When a cricketer is the wrong side of 35 it only takes a few low scores for the inevitable questions to arise, even if, out of respect, no one quite dares ask them out loud. It has been that way with Ian Bell these last couple of years, when even he must have wondered if the days when runs came so easily might never come back.
How gratifying it must have felt then, in the evening session here, to be raising his bat in the direction of the loyalists in the R E S Wyatt stand, with a hundred on the board for the first time in a Championship match for more than two years. He almost had one last season, out for 99 against Surrey here in April, but otherwise it was an awful year.
He finished it with an average of just 26.20 as Warwickshire were relegated from Division One. It was his poorest average for a first-class season in England since 2002, the last time he failed to finish an English summer without a first-class hundred. It is a measure of how worried he was that, in August, he gave up the club captaincy, a role he had accepted so proudly and with such enthusiasm at the start of the previous year.
Bell is not the player he once was, of course. Otherwise he would still be playing for England. But here was proof that the qualities that had served him well in making 22 Test centuries in a wonderful career have not entirely deserted him. For a time, with Jonathan Trott at the other end, it might have almost been like the old days.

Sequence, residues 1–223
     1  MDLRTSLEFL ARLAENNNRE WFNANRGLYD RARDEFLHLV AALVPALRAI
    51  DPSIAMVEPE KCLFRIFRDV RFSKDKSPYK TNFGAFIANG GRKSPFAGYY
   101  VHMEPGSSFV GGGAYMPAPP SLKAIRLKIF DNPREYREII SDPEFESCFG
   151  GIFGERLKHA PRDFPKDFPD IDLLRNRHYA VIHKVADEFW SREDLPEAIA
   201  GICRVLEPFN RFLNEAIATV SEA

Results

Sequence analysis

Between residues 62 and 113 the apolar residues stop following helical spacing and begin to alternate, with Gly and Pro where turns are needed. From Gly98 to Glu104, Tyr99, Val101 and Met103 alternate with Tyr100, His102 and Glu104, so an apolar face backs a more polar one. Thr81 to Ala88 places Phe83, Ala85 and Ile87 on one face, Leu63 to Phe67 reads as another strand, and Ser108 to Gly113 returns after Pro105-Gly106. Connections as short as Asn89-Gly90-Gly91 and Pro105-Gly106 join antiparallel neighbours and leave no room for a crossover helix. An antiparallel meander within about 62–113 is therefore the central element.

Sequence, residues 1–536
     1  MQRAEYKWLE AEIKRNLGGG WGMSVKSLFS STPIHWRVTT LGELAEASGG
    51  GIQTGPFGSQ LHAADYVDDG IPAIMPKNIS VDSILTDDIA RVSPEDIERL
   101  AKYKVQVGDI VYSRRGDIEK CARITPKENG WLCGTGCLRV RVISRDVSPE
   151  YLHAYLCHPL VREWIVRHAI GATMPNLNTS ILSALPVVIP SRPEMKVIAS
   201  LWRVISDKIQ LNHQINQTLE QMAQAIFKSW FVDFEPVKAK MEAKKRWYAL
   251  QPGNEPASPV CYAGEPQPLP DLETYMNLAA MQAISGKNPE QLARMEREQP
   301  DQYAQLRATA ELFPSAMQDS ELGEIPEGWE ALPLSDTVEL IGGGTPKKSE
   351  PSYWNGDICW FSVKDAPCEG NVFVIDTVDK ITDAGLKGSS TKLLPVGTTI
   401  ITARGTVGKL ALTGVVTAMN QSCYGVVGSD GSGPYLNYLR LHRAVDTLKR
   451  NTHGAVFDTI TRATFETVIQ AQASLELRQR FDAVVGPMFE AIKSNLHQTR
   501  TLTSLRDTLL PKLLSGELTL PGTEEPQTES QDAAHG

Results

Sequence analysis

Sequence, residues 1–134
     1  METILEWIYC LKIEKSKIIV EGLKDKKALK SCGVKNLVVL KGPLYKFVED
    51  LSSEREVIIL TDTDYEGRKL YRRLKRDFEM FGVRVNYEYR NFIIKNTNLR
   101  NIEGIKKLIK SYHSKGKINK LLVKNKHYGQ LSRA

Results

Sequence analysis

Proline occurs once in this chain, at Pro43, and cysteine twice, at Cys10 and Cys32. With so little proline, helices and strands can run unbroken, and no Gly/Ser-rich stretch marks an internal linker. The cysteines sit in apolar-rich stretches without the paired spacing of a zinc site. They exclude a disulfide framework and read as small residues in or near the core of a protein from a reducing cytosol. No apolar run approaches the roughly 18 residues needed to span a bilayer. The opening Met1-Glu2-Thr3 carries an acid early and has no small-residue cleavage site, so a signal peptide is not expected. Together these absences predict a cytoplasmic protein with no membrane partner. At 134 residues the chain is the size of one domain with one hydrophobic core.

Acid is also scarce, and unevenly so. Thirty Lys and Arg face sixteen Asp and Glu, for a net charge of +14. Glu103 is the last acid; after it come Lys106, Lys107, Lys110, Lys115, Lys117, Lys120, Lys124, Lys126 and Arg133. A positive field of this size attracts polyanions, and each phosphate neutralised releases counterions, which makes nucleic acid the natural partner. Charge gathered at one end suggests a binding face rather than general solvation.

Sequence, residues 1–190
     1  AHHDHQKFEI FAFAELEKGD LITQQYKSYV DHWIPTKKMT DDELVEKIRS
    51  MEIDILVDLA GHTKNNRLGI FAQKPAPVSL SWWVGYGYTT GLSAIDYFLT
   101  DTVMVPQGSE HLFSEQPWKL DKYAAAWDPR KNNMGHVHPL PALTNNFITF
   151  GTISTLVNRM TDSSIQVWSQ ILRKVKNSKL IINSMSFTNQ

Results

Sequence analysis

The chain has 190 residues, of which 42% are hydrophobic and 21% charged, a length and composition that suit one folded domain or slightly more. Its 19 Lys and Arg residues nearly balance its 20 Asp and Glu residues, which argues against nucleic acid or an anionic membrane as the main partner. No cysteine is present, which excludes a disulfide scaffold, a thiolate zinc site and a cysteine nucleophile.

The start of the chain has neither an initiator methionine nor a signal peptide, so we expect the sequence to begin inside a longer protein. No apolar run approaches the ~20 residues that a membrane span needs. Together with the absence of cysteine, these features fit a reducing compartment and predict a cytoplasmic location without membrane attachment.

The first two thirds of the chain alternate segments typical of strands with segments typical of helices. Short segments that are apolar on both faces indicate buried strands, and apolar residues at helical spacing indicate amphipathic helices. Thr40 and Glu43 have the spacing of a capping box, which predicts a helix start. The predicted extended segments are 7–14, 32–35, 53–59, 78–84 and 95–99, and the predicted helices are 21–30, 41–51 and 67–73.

Indeed, a classic Bell-Trott partnership might have been the story of the day, as it was at Chester-le-Street only 10 days ago when the two shared a stand of 202 in the One-Day Cup against Durham, Bell making an unbeaten 145.
That possibility disappeared before lunch in the event, when Bell called for a quick single after playing the ball firmly on the onside only for his partner to have doubts, stop-starting only a couple of strides into the run and then failing to make his ground as David Lloyd threw in from square leg.
Bell's fault? Fifty-fifty really. Otherwise it was a near flawless innings from the master craftsman, cautious at times as it needed to be with much responsibility ultimately resting on his shoulders, but still illuminated with some classic, beautifully-timed strokes on both sides of the wicket, bringing him 12 boundaries before he ran out of partners.
Nonetheless, in the broader context, there was a feeling that Warwickshire had not made the most of a good position in the first session. Trott had looked to be in good fettle, too, and would doubtless have made a few more than his 57 had he remained.
Warwickshire were 99 for 2 before his demise but he and Bell apart, no one made more than 16 until Chris Wright made 29 as he and Bell added 69 for the eighth wicket and the first innings lead was a slender 30.
On a pitch - used for a one-day match last week - that yielded five wickets for Warwickshire's underemployed leg-spinner, Josh Poysden, on Saturday and three today for Salter, Glamorgan's off-spinner, batting last might be no picnic. A decent Glamorgan total could give the Division Two leaders a stiff test as they chase a fourth consecutive win, and openers Nick Selman and Jack Murphy have given them a pretty good start.
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